The clock is relentless as they churn out dish after dish, being judged on creativity, taste, and presentation.
This year, the U.S. Mint will churn out 4.3 billion of them, more than twice the annual output of all other coins combined.
The centrifuges are not believed to be the advanced type that can churn out enriched uranium faster.
“Between us [we] churn out bazillions of words,” Ayun told me.
By the end of the film, you will remember Hushpuppy … and just might churn out a few tears on her behalf.
Academics these days operate under enormous pressure to churn out high volumes of these publications.
By the time I sat down to fill in the blanks, it was a grind to churn out what I already knew would happen.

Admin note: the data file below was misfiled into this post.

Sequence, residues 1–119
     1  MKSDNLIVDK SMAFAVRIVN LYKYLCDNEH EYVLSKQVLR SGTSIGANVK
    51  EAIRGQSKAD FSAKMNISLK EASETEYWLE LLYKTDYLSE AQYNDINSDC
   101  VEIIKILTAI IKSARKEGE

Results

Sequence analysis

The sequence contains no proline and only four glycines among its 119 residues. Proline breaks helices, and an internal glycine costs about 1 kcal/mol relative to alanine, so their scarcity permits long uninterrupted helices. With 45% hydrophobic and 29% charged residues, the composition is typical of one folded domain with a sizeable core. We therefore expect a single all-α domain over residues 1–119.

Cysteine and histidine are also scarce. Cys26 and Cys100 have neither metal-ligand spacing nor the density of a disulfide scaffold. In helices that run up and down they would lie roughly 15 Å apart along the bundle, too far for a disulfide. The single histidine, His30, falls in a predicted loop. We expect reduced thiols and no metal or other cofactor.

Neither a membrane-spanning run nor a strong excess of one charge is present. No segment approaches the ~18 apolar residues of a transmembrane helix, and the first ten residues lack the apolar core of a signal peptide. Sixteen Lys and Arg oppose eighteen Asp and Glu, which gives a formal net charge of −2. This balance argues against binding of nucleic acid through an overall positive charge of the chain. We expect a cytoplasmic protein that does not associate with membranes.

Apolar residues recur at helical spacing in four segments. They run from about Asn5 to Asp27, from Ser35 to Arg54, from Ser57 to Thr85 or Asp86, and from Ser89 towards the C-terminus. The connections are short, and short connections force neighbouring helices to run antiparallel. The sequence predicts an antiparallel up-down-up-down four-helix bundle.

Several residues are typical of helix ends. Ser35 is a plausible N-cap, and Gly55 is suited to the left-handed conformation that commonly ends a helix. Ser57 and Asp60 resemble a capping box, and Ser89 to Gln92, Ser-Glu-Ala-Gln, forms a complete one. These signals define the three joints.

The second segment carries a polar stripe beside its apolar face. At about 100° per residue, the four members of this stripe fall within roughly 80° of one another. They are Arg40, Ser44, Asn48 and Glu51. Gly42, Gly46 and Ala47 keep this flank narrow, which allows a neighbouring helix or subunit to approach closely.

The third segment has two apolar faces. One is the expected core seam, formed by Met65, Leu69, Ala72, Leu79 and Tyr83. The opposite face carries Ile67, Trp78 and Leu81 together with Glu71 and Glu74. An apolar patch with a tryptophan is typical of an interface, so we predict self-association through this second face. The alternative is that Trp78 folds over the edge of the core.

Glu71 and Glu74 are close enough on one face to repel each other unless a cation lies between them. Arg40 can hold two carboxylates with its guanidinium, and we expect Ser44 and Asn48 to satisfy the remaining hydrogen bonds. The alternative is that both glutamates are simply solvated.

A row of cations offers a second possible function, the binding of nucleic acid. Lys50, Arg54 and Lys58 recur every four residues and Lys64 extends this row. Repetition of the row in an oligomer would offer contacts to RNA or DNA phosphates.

A wag searched for the Pagliacci record, and set the gramophone to churn out "Vesti la Giubba."
Old English cyrin, from Proto-Germanic *kernjon (cf. Old Norse kirna, Swedish kärna, Danish kjerne, Dutch karn, Middle High German kern); probably akin to cyrnel "kernel" (see kernel) and describing the "grainy" appearance of churned cream.
mid-15c., chyrnen, from churn (n.). Extended senses are from late 17c. Intransitive sense is from 1735. Related: Churned; churning. To churn out, of writing, is from 1902.
To produce written matter very rapidly and mechanically; CRANK something OUT: The sci/ fi fantasy cartoons being churned out in Japan these days (1912+)
To artificially increase the level of activity in a law firm, insurance company, or other enterprise in order to increase commissions, feign busyness, etc: Policyholders have launched class-action suits alleging churning (1940s+)